March 04
On Monday, 4 March 2019 at 19:03:39 UTC, H. S. Teoh wrote:
> 
>
>  [snip]

Very clear. Good points.
March 04
On Monday, 4 March 2019 at 15:47:12 UTC, H. S. Teoh wrote:
> This is why I'm starting to think sig constraints are not the genius idea they first appeared to be.

If the implementation actually told you which individual pieces failed (and perhaps even why), I don't think we'd be worried about this.

I have before desired color to be used there: a passing constraint gets highlighted one way, a failing constraint another, and short-circuited constraints get nothing special.

Even without formatting the output, this would very quickly give you a menu of what is and isn't working. And with formatting, it just gets better. (Though I also say I want XML error messages and a dedicated error viewer, so more and less detail is available upon request. But even plain text can give a LOT more actionable info than it does right now.)

Imagine what we'd say if the error message was not:

ooooo.d(4): Error: template std.algorithm.sorting.sort cannot deduce function from argument types !()(FilterResult!(unaryFun, int[])), candidates are:
/home/me/d/dmd2/linux/bin32/../../src/phobos/std/algorithm/sorting.d(1847):
   std.algorithm.sorting.sort(alias less = "a < b", SwapStrategy ss = SwapStrategy.unstable, Range)(Range r) if ((ss == SwapStrategy.unstable && (hasSwappableElements!Range || hasAssignableElements!Range) || ss != SwapStrategy.unstable &&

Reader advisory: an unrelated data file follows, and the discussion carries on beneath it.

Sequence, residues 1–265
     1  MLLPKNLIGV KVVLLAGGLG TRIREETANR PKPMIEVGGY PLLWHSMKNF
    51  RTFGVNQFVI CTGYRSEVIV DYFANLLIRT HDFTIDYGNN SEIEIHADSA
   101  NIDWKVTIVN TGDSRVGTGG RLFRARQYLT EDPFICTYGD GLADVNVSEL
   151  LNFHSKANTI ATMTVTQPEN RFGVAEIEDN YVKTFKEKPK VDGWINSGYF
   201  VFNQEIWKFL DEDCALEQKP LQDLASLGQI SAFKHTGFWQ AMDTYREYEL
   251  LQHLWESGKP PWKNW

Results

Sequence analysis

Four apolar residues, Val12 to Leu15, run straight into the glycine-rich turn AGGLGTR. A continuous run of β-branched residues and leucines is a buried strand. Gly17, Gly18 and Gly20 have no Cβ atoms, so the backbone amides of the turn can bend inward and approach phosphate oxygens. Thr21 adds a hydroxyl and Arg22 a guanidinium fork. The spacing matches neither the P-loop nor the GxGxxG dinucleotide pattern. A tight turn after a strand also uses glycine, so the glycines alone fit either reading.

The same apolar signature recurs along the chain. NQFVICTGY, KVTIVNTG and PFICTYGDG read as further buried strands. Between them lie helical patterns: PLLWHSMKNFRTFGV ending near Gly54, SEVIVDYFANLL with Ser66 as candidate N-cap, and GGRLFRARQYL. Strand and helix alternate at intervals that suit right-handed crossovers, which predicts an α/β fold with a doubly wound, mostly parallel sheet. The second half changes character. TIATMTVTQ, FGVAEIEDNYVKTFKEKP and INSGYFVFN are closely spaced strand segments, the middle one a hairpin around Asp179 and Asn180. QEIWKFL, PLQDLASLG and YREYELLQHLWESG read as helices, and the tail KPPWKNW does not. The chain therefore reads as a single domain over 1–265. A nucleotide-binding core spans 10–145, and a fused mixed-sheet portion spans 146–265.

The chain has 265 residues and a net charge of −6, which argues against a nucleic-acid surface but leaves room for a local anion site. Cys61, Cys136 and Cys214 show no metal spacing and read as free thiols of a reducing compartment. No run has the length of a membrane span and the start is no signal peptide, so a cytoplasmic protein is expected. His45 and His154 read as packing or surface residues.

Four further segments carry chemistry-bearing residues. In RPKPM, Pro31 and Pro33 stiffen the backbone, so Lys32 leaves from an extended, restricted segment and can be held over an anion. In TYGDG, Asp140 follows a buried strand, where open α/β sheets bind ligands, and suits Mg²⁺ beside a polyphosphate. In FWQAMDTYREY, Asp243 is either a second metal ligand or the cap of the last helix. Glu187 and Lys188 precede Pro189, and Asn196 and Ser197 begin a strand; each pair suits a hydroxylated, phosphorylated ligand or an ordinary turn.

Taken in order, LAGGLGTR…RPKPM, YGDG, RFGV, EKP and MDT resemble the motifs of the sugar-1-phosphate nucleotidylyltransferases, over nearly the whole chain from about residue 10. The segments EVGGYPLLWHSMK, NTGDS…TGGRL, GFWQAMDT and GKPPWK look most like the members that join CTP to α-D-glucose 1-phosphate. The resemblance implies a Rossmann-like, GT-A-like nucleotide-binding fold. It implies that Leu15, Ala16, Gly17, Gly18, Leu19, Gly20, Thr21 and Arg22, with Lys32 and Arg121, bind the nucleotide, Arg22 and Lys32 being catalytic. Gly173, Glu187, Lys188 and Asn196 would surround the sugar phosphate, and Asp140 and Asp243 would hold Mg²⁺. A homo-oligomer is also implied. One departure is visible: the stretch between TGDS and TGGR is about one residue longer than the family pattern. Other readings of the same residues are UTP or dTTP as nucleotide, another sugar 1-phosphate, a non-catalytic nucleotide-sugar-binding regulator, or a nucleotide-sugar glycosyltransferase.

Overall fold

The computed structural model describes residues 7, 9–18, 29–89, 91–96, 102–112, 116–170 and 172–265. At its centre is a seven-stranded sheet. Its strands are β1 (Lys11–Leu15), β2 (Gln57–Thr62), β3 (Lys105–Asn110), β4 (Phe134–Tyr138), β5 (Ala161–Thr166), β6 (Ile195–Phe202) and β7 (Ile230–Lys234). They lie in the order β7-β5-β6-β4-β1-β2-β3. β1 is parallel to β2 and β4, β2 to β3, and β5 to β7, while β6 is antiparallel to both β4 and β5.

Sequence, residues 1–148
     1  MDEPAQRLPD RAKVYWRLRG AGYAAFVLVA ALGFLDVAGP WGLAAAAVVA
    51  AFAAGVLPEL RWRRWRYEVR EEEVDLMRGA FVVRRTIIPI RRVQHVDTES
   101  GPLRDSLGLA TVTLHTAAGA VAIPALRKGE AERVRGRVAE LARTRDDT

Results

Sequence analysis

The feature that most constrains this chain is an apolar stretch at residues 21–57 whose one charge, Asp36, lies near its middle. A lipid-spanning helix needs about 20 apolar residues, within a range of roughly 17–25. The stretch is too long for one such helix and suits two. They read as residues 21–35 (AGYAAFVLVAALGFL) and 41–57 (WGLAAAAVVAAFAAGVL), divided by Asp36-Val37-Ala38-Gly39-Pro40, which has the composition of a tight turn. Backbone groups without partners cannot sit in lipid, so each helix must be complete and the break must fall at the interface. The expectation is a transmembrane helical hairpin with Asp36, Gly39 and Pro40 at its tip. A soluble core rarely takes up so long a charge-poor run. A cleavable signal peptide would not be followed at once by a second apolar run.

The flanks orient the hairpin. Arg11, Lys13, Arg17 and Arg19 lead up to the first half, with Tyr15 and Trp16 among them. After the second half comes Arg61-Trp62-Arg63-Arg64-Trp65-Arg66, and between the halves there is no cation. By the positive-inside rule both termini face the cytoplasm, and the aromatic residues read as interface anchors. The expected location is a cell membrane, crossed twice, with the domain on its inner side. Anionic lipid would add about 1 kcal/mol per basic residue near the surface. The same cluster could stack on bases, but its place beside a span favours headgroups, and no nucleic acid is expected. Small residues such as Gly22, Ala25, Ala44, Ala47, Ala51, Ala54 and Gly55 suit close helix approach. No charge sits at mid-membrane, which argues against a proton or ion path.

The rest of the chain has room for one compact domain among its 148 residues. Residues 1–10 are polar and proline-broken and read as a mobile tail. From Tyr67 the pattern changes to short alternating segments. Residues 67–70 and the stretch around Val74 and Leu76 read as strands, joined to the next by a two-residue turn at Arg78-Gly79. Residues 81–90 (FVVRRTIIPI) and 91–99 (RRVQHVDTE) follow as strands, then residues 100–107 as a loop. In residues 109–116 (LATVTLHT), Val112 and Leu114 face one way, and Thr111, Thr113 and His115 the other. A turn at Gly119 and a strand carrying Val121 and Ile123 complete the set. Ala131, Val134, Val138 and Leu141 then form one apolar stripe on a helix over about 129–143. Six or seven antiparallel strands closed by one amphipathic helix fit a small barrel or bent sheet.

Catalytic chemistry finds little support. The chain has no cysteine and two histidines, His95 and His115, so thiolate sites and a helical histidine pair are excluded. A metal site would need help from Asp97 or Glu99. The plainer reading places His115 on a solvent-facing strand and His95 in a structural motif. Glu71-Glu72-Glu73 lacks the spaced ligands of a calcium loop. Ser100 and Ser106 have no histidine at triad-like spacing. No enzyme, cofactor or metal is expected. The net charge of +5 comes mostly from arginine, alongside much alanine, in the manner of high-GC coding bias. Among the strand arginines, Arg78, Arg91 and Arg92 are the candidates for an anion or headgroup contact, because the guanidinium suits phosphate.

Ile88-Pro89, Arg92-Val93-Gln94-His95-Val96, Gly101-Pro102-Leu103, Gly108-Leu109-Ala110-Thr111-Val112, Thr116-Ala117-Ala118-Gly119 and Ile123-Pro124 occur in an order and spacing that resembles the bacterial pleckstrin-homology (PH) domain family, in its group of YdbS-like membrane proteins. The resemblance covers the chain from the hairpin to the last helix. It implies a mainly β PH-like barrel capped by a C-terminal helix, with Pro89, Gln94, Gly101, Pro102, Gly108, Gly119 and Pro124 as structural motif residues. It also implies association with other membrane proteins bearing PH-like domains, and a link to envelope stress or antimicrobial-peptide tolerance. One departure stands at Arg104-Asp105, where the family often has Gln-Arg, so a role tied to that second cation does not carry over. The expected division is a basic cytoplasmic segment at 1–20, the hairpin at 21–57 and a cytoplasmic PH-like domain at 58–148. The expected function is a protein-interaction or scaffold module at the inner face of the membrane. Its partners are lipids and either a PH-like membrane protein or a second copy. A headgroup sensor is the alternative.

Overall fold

asAssignableElements!Range) && isRandomAccessRange!Range && hasSlicing!Range && hasLength!Range)

but rather



ooooo.d(4): Error: template std.algorithm.sorting.sort cannot deduce function from argument types
   !()(FilterResult!(unaryFun, int[])), candidates are:
/home/me/d/dmd2/linux/bin32/../../src/phobos/std/algorithm/sorting.d(1847):
   std.algorithm.sorting.sort([collapsed])(Range r)
      if (
        // passed
        (ss == SwapStrategy.unstable &&
        // passed
        (hasSwappableElements!Range || hasAssignableElements!Range) ||
         // short-circuited
        ss != SwapStrategy.unstable &&
asAssignableElements!Range)
        // ******* FAILED ***********
        && isRandomAccessRange!Range
        // short-circuited, but would fail
        && hasSlicing!Range && hasLength!Range
      )


That tells you everything you need to know.
March 04
On Monday, 4 March 2019 at 23:03:28 UTC, Adam D. Ruppe wrote:
> On Monday, 4 March 2019 at 15:47:12 UTC, H. S. Teoh wrote:
>> This is why I'm starting to think sig constraints are not the genius idea they first appeared to be.
>
> If the implementation actually told you which individual pieces failed (and perhaps even why), I don't think we'd be worried about this.

Way ahead of you ;)

https://github.com/dlang/DIPs/pull/131
March 04
On Mon, Mar 04, 2019 at 11:03:28PM +0000, Adam D. Ruppe via Digitalmars-d wrote:
> On Monday, 4 March 2019 at 15:47:12 UTC, H. S. Teoh wrote:
> > This is why I'm starting to think sig constraints are not the genius idea they first appeared to be.
> 
> If the implementation actually told you which individual pieces failed (and perhaps even why), I don't think we'd be worried about this.
[....]
> Imagine what we'd say if the error message was not:
[...]
> but rather
> 
> 
> 
> ooooo.d(4): Error: template std.algorithm.sorting.sort cannot deduce
> function from argument types
>    !()(FilterResult!(unaryFun, int[])), candidates are:
> /home/me/d/dmd2/linux/bin32/../../src/phobos/std/algorithm/sorting.d(1847):
>    std.algorithm.sorting.sort([collapsed])(Range r)
>       if (
>         // passed
>         (ss == SwapStrategy.unstable &&